Despite the clubs being separated by more than 60 km, the antagonism began after the second replay of a heated FA Cup first-round tie in the 1976-77 campaign, when Brighton manager Alan Mullery had coffee thrown on his head after a 1-0 defeat.
The incident sparked a rivalry that has lasted over the next 40 years as both teams rose from the third tier of English football and was intensified after Palace beat Brighton in the Championship playoffs on their way to the top tier in 2013.
“It’s going to be great for our fans and for their fans,” Bloom told reporters. “I think a lot of them will be happy to be playing us in the Premier League next season.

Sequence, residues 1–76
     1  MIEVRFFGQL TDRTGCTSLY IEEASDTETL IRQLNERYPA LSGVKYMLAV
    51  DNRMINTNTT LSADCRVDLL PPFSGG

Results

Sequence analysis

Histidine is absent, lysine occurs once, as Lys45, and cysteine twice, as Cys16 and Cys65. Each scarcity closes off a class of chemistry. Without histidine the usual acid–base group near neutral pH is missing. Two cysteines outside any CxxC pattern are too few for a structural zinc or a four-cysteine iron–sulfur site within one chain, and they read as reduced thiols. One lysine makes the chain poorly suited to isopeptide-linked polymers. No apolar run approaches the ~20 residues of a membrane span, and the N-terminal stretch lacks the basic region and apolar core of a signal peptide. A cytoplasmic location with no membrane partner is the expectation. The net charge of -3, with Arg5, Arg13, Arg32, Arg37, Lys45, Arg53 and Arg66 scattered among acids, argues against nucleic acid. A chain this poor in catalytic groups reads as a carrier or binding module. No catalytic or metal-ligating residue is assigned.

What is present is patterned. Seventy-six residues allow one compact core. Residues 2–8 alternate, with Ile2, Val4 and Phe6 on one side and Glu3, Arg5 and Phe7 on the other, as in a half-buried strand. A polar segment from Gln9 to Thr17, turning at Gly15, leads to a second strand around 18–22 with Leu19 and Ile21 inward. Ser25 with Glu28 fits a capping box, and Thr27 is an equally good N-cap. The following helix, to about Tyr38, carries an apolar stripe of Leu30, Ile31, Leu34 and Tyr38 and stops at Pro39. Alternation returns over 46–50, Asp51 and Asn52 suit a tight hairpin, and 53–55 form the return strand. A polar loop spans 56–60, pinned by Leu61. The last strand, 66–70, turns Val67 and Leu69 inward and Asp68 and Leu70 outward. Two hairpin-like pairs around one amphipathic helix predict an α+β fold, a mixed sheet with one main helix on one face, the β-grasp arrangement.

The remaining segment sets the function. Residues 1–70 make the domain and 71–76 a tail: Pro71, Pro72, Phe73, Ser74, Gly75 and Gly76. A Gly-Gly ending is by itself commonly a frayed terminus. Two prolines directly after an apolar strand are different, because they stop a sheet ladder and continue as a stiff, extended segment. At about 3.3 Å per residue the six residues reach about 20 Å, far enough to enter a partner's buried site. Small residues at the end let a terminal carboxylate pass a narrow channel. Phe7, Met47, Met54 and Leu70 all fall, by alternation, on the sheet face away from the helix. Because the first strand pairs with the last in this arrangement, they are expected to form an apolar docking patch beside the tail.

“They’re going to be two huge games. It’s such an intense rivalry and obviously the last time we played them was a game we all want to forget at the Amex, so we’ll all be looking forward to them.”
After Brighton secured their promotion in May, Palace chairman Steve Parish also welcomed the chance to renew their feud and hoped that fans would “take it in good heart”.